Why are we asking this now?
A group of radical supporters of the Venezuelan President Hugo Chávez have attacked an opposition TV channel, Globovision, including by firing tear gas. It comes just as the Chávez government has adopted a series of measures to control the media. Some 34 radio stations have been closed for "irregularities" and 200 more are "under investigation". Critics say it is an assault on free speech by the man who the leftist New Statesman once placed near the top of its list of "Heroes of Our Time". Yesterday the former Foreign Office minister Denis MacShane suggested that it was now time for the Hooray Hugos to give up their uncritical admiration for Chávez after the South American proletarian hero announced a law that could jail journalists for up to four years if they divulged information against "the stability of the institutions of the state".
How authoritarian is he?
In 2006 he withdrew the terrestrial licence for Venezuela's second largest TV channel and replaced it with a state network. But then the station had, along with all the other privately-owned channels, backed a United States-inspired coup against him. Then, earlier this year, he persuaded voters to lift the two-term limit on the presidency – enabling him to keep standing indefinitely for the job. Opponents criticised him for having a second referendum on the subject after the first one failed. (A trick he perhaps learned from the EU's second plebiscite in Ireland over the Lisbon treaty). But an impressive 70 per cent of voters turned out, and 54 per cent said "Yes". Chávez announced: "In 2012, there will be presidential elections, and unless God decides otherwise, unless the people decide otherwise, this soldier is already a candidate," he told his supporters. "I am ready!" Critics say Chávez is hollowing-out Venezuelan democracy, though his supporters point to Germany, which allows for re-election indefinitely (Chancellor Helmut Kohl was in power for 16 years before losing his fourth election) without any major threat to German democracy.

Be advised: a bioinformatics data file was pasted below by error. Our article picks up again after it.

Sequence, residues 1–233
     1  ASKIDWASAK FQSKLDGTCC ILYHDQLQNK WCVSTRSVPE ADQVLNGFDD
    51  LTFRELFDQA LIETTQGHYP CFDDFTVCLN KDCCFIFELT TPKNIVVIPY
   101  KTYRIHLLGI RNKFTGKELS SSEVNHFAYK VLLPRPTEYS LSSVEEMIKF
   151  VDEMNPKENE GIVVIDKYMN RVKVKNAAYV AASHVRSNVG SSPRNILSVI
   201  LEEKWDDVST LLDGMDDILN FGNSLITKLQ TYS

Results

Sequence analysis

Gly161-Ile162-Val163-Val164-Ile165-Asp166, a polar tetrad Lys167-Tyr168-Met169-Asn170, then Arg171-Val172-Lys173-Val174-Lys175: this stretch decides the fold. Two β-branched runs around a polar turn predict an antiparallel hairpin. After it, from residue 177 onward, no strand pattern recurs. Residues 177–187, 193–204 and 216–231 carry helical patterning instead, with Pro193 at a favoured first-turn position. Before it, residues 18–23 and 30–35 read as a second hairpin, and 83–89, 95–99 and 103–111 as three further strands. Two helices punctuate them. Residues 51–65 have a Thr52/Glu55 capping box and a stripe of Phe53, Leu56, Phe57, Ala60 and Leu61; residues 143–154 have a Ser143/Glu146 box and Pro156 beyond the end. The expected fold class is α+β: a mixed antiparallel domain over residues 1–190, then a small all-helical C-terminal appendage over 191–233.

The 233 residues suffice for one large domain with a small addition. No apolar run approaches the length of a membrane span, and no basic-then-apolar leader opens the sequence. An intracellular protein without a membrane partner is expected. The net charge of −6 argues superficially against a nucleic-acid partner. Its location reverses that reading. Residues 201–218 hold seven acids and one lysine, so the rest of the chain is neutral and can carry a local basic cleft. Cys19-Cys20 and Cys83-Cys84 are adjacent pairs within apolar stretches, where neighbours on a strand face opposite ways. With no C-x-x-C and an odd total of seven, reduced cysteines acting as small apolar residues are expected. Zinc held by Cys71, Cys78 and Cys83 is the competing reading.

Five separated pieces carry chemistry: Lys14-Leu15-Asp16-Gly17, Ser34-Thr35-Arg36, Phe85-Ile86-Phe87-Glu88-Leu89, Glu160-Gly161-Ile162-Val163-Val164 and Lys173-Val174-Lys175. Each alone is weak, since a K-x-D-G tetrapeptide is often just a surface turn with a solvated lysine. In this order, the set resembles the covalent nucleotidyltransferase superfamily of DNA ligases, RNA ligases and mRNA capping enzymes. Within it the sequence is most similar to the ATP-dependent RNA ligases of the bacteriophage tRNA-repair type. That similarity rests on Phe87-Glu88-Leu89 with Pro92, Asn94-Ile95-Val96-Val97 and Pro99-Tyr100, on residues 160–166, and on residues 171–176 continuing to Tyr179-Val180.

What about human rights?
The lobby group Human Rights Watch has been critical of Chávez's expansion and toughening of penalties for speech and broadcasting offences. It has accused him of a disregard for the separation of powers, with attacks on the independent judiciary and on workers' rights to associate freely. The Venezuelan police have never sunk to the levels of barbarity of places like Brazil and Argentina at their worst, but it is said that those who don't tow the chavista line can be excluded from state jobs or benefits.